Mechmann: Let’s be honest. Since 1973, the governor’s mansion has been occupied almost entirely by men who were baptized in the Catholic faith. They have been helpful to some parts of our legislative agenda (particularly in supporting the Catholic schools and social services). But they have all been of very little help — and a great deal of harm in many cases — on the issues that matter the most, the defense of innocent human life and the family. That is not going to change with the incumbent.
Lopez: How about to actually save marriage itself — beyond the legal concerns? One of the more compelling arguments proponents of gay marriage have is breaking out a mirror: If we actually want to get married, why would you prevent us? It’s not like men and women have kept marriage so sacred — examples, including of Catholics, abound.
Mechmann: On this, the same-sex “marriage” activists have a grain of truth in what they say. The reality is that marriage is suffering, here in New York and elsewhere, because of the resort to temporary and unstable arrangements like cohabitation, the lack of marital fidelity and permanence, and the de-emphasis of the importance of marriage for children (and vice versa).
But how does it make sense to water down the meaning of marriage even more?
The real effort that must be made — that the Church is making — is to preach the truth about marriage, to offer single and engaged persons support in choosing the vocation of marriage, and strengthening those who are already married. That’s a battle being fought in communities, churches, and families, and will go on no matter what the outcome of this debate might be.
Lopez: Black evangelical churches in Maryland held back a similar effort in Annapolis not so long ago. Could something similar happen in New York?
Mechmann: The African-American and Hispanic communities in New York are still largely untapped for their political potential. Their activism could make a difference here, but honestly we just haven’t seen it yet.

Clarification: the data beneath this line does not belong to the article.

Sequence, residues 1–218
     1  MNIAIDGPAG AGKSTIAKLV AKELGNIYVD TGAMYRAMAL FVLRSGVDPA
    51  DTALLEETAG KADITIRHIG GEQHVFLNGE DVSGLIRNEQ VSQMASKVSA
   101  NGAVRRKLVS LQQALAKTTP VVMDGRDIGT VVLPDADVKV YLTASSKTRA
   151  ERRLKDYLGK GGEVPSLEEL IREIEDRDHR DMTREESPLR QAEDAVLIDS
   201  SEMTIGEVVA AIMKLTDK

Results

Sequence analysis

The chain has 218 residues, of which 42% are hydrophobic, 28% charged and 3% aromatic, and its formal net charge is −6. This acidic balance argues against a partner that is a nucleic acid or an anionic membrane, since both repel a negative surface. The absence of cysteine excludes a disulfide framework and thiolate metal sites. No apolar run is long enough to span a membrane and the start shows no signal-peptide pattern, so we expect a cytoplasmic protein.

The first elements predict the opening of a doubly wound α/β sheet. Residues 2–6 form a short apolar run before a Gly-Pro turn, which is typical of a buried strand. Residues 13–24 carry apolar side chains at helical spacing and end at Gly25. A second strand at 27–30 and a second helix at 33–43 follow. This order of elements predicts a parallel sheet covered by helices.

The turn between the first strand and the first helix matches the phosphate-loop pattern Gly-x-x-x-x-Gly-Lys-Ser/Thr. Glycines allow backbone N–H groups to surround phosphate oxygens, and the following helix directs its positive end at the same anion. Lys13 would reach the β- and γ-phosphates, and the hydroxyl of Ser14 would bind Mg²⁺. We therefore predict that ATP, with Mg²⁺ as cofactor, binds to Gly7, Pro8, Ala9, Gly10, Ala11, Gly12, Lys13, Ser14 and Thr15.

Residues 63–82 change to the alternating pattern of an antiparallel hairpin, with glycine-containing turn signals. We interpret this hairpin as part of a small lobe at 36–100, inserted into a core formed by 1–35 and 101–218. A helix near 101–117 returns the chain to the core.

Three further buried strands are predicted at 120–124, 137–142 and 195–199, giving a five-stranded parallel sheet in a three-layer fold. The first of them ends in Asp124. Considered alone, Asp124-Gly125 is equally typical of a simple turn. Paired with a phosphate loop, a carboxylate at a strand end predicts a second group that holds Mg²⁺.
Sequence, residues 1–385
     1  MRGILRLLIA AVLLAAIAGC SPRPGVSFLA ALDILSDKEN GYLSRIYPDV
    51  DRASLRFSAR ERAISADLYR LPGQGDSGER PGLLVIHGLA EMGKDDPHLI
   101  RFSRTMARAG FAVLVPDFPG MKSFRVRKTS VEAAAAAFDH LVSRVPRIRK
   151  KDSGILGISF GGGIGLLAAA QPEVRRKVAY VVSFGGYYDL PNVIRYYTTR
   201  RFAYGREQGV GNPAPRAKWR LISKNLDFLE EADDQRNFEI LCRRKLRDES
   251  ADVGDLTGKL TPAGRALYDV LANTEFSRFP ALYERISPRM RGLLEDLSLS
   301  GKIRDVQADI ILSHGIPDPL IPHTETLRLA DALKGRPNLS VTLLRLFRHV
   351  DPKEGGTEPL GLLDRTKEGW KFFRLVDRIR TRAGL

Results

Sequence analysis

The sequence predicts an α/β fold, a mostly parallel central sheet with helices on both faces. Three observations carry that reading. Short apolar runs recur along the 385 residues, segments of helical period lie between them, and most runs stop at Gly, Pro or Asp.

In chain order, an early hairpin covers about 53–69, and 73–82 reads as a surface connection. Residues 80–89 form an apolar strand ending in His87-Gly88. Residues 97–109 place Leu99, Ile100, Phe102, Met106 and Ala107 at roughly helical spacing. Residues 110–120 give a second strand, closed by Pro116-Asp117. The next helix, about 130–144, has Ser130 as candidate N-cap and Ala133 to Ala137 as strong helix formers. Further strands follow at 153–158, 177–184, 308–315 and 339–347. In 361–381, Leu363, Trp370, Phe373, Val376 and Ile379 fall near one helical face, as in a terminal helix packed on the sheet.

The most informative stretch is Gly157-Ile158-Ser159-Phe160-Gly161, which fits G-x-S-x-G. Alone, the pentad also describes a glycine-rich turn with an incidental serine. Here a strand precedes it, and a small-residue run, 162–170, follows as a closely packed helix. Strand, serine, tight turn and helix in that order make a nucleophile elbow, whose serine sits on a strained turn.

Lopez: Is the good news in Albany that this is a legislative, not a judicial effort?
Mechmann: Yes, it is encouraging. New York State’s Court of Appeals has already held that same-sex “marriage” is not required by our state constitution — a ruling that frankly surprised many of us, who expected that they would legalize it with a pen stroke. Now, if we could only get New York’s legislative process to actually resemble a democratic institution, with real procedures and authentic openness to public opinion, we could actually have a republican form of government again.
Lopez: How is this not a civil-rights issue for Americans who identify themselves as homosexuals or who otherwise have homosexual desires?
Mechmann: To call it a “civil rights” issue begs the question. Usually, when we’re speaking of a “civil right” we’re talking about something that is deeply rooted in our history and tradition, something that is intrinsic to ordered liberty and full participation in our society and the political process. How can something that nobody even imagined 15 years ago fall into that category? If anything, the redefinition of marriage is denying the civil rights of married couples to have special recognition and protection of their union — which is undeniably deeply rooted in our history and tradition, something that is intrinsic to ordered liberty and full participation in our society.
Lopez: Are you intolerant? Are we on the wrong side of history?
Mechmann: As for intolerance, here’s an omen of how it’s going to be here in New York — a sign posted on the Facebook page of a Democratic state senator of her office door, with an arrow pointing to the floor, reading “Bigots and Homophobes Please Put Your Literature Here.” That’s what we have to look forward to if this bill is passed.